No Knock-Out at The Bell

As we announced in late April, the U.S. Department of Labor (“DOL”) established new minimum compensation amounts effective July 1, 2024, for salaried employees in bona fide executive, administrative, or professional positions. It was widely expected that litigation would be commenced immediately to keep the new levels from being implemented and, indeed, three lawsuits were filed in Texas claiming the DOL exceeded its authority in establishing the salary levels. Two of the lawsuits sought a nationwide injunction to prevent the new levels from going into effect. Defying expectations, none of the claims delivered the requested knockout punch preventing the new levels from going into effect. The only injunction issued came in the case of State of Texas v. U.S. Dep’t of Labor in which the Judge prevented the DOL from enforcing the increases as they relate to Texas government employees.

The Fight Goes On

While the bell has been rung for the implementation of the new salary rules, the fight is going into extra rounds. The Judge in the State of Texas case expects to rule on the final merits of the claim in a matter of months while a case pending in the U.S. Court of Appeals for the Fifth Circuit, Mayfield v U.S. Department of Labor involves the issue of whether even the current salary levels are enforceable. Oral arguments are expected in that case on August 7, 2024. Developments in either of these cases could result in the newly implemented minimum salary levels being set aside. Further attacks on the new standards are also expected considering the Supreme Court’s ruling last Friday in Loper Bright Enters v Raimondo which overruled the long-standing Chevron doctrine of deference to rules promulgated by federal agencies. Accordingly, the status of the new salary levels could literally change any day. In any event, it is likely there will be more clarity before the very significant changes slated to go into effect on January 1st are implemented.

What Employers Should Do Now

For the time being, the new minimum salaries are in force for all employers except for the State of Texas. Accordingly, they should be implemented if you want to maintain employees earning less than the new levels as salaried exempt employees.  Alternatively, employers can leave pay levels where they are and reclassify salaried employees whose pay rate is below the new salary level as nonexempt or take steps to limit their work schedule to 40 hours per week (and document their compliance through a timekeeping system) to avoid overtime obligations. In either case, if they exceed 40 hours, overtime should be paid. Given the expense of complying with the new rates and all the legal uncertainty, the best short-term approach may be to limit all work over 40 hours per week for employees that would receive the increased levels for the next few weeks to see if further bouts in the fight drop the new standards to the floor. Since most employers pay bi-weekly, they should have a week or more to determine the best approach. Taking no action runs the risk of claims by impacted employees or the Department of Labor seeking unpaid overtime along with statutory penalties and attorney fees.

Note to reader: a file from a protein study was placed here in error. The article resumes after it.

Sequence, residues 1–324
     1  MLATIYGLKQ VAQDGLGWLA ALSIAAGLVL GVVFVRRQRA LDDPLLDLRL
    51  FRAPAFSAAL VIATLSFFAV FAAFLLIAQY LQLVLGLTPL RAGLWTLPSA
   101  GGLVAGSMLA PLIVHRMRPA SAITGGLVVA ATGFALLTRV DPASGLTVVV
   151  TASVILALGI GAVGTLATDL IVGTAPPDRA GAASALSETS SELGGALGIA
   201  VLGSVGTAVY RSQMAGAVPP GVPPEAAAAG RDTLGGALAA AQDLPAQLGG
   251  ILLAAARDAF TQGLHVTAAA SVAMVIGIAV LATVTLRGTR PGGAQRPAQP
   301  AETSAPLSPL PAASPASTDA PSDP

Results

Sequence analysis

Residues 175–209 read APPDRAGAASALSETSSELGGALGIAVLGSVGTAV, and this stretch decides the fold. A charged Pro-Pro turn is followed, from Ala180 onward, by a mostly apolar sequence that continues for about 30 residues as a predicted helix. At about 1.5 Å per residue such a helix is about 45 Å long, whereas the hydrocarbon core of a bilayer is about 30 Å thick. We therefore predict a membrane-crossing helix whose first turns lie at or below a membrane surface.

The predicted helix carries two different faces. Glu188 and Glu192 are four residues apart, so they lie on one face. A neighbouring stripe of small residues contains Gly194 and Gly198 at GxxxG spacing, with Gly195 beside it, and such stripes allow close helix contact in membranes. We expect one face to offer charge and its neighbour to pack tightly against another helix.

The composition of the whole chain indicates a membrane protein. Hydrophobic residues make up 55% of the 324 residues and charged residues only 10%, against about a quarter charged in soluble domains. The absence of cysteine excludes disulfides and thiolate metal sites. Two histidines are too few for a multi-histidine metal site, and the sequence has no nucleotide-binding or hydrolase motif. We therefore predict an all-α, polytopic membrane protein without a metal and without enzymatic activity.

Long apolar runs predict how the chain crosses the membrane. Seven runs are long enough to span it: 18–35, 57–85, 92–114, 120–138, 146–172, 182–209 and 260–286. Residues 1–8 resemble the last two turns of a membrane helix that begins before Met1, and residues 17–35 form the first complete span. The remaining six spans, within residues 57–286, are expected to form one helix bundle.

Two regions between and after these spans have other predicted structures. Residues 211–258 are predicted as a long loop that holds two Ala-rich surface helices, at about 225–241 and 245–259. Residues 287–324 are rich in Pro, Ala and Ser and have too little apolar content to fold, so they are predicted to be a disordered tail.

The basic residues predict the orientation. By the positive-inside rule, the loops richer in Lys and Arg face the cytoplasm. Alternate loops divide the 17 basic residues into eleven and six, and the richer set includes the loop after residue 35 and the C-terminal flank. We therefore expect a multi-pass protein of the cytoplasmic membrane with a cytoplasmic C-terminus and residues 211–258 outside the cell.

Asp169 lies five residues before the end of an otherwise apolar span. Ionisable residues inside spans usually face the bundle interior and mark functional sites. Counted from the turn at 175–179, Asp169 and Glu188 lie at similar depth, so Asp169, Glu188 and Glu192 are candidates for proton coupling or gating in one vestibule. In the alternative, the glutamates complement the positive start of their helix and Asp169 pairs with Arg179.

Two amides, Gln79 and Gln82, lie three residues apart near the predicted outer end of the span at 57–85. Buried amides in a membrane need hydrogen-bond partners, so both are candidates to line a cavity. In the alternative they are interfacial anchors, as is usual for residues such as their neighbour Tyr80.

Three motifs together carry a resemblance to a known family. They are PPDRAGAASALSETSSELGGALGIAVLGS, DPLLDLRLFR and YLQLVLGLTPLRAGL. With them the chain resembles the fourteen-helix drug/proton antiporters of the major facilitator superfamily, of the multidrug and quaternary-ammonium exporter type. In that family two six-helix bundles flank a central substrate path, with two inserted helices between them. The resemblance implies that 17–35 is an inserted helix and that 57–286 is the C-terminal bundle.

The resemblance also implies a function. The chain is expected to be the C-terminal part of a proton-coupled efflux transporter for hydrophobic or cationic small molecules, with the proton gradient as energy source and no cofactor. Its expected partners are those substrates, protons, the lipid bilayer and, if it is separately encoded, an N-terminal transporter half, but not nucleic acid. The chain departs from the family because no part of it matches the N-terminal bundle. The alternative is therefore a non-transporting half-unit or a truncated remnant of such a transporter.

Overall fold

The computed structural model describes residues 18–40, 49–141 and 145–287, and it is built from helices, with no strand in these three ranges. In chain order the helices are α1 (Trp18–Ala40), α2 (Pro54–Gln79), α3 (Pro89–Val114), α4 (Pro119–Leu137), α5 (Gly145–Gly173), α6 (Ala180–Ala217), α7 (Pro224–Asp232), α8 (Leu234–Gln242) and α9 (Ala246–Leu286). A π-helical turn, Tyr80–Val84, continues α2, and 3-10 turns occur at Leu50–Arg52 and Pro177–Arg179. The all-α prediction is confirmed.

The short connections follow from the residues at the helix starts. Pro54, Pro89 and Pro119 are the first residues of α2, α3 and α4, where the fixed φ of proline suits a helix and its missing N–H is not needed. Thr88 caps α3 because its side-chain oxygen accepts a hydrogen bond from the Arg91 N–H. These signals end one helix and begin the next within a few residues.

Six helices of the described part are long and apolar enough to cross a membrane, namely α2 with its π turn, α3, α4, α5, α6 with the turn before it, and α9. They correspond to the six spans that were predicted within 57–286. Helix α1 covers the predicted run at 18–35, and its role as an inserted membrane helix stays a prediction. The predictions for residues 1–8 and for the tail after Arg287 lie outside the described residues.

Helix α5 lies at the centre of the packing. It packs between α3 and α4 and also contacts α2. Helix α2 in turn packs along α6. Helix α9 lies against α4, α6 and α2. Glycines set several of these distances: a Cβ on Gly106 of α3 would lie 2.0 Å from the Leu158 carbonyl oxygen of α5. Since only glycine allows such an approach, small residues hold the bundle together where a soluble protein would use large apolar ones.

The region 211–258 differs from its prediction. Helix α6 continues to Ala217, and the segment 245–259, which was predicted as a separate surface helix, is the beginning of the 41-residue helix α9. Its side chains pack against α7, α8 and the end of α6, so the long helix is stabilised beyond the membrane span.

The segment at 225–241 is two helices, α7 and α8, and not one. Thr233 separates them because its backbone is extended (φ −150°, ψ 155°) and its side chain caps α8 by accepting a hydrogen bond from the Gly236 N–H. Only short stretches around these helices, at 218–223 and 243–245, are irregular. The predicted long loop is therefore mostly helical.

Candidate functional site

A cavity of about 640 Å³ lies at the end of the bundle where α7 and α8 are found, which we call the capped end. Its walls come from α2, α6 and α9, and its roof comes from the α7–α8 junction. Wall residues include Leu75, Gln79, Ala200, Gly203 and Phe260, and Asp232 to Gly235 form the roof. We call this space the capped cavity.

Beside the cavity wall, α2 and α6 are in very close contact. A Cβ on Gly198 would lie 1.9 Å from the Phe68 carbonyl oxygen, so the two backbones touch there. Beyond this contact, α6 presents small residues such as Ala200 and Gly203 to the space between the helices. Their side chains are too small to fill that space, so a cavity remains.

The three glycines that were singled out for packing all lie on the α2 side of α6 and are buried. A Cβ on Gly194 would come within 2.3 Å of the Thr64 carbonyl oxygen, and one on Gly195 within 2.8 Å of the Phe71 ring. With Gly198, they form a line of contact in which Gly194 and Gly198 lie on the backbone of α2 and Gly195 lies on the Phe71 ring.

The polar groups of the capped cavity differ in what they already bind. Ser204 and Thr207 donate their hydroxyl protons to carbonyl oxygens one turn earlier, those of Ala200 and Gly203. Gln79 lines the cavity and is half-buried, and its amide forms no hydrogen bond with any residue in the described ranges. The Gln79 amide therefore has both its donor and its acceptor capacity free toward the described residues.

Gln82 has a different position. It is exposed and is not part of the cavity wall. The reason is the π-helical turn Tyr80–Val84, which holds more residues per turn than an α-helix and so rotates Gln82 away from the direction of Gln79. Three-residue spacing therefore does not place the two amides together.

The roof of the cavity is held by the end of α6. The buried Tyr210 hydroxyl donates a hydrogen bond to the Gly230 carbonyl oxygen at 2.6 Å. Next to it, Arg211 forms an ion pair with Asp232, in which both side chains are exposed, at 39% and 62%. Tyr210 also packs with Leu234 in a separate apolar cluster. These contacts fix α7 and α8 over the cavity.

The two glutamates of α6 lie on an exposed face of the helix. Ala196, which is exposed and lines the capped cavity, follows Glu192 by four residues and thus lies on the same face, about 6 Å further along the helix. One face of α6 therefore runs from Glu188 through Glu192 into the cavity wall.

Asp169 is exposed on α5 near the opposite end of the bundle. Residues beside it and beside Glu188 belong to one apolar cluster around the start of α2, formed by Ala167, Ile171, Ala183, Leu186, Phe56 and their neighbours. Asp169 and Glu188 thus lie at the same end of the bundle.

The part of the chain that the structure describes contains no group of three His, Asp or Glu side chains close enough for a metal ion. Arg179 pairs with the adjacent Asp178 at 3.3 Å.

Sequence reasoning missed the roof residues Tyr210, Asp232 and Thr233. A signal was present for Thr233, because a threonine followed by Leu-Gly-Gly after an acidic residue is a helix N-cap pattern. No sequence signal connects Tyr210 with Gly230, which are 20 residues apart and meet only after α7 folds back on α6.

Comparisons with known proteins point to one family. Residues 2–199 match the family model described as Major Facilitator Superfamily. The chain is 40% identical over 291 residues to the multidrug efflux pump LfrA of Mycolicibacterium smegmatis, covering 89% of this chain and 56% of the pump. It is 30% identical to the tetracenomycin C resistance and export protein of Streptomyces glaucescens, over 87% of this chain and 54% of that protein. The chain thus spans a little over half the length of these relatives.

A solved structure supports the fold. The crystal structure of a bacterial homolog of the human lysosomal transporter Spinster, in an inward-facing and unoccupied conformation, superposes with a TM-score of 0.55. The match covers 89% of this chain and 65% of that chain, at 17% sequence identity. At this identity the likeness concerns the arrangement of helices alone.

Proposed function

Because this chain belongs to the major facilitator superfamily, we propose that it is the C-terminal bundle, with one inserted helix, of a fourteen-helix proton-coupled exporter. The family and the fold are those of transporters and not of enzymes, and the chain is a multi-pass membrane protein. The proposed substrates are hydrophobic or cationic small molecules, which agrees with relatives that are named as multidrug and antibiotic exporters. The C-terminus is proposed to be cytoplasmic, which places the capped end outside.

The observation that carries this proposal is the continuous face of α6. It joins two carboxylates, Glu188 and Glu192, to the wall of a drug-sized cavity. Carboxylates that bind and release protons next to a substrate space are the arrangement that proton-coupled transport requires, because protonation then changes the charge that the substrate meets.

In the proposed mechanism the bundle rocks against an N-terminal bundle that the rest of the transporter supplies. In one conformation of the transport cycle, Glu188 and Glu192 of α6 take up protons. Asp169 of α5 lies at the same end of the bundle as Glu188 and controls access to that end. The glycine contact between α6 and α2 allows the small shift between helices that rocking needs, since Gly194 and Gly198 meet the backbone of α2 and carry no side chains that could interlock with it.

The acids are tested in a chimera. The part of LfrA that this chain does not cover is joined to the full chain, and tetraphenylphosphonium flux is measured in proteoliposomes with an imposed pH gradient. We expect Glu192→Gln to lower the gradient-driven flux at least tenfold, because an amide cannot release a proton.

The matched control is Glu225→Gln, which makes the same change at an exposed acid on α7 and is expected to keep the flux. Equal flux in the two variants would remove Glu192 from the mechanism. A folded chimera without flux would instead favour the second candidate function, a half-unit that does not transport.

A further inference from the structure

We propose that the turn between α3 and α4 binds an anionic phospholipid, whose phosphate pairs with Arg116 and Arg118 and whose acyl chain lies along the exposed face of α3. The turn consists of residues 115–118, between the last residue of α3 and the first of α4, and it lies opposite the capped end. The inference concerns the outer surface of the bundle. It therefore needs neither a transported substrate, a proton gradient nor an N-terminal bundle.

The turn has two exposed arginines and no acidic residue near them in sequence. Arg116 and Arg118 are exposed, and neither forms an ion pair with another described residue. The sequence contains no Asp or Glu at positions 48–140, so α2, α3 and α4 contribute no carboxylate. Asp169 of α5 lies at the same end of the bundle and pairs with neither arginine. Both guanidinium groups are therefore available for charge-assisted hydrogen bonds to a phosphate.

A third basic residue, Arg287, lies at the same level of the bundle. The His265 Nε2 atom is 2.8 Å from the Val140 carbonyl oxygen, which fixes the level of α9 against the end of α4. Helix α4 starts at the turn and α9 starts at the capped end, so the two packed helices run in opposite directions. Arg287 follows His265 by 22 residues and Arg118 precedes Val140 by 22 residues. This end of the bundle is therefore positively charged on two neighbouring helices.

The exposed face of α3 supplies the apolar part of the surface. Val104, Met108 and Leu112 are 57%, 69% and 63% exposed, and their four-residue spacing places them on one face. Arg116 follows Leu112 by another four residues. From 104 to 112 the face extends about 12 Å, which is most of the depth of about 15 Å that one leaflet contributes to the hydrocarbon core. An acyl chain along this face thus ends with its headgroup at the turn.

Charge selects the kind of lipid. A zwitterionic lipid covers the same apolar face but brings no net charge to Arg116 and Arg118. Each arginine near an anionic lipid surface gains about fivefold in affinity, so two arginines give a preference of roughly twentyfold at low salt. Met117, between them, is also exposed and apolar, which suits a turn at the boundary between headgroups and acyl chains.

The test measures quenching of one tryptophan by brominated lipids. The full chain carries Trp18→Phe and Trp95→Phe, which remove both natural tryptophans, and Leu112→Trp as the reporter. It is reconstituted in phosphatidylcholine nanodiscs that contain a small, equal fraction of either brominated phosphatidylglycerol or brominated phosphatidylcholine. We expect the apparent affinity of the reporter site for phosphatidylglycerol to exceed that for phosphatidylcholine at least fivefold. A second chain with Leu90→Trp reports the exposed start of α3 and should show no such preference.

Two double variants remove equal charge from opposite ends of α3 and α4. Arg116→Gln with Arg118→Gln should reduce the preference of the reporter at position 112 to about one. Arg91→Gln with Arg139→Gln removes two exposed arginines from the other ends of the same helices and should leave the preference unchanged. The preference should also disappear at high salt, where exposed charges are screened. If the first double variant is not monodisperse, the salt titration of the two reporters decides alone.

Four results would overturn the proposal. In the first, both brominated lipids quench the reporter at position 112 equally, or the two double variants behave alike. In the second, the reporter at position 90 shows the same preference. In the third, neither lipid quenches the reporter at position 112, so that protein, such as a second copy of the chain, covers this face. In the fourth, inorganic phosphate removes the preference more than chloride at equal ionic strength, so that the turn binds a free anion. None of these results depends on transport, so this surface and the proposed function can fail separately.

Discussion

A Reminder of the New Levels

The minimum salary is required to be paid to those exempt from overtime and minimum wage because they are in a bona fide executive, administrative, or professional capacity within the employer’s work force. There is also an overtime exemption for certain highly compensated employees who are paid a salary, earn above a higher total annual compensation level, and satisfy a minimal duties test. As noted in April, the changes are significant. Here’s a simple chart:

What to Do if the New Levels Withstand the Legal Challenges

The salary-exempt rules require that salaried employees meet both the salary and duties tests. While there are a lot of benefits to both employers and employees of payment based on a salary (no need to keep track of time, work assignments that cannot be accomplished in 40 hours, a certain prestige within the organization, etc.) it may be that it makes more economic sense to recategorize some employees as non-exempt hourly workers with overtime paid for work over 40 hours. If your salaried workforce regularly works in the 40 hour and under range, you can pay a lot of overtime for the difference between their current salary and the new base rates.

The Rhoades McKee Employment Law Team is available to discuss how you should best navigate the tricky path forward as it relates to the new DOL minimum salary standards.

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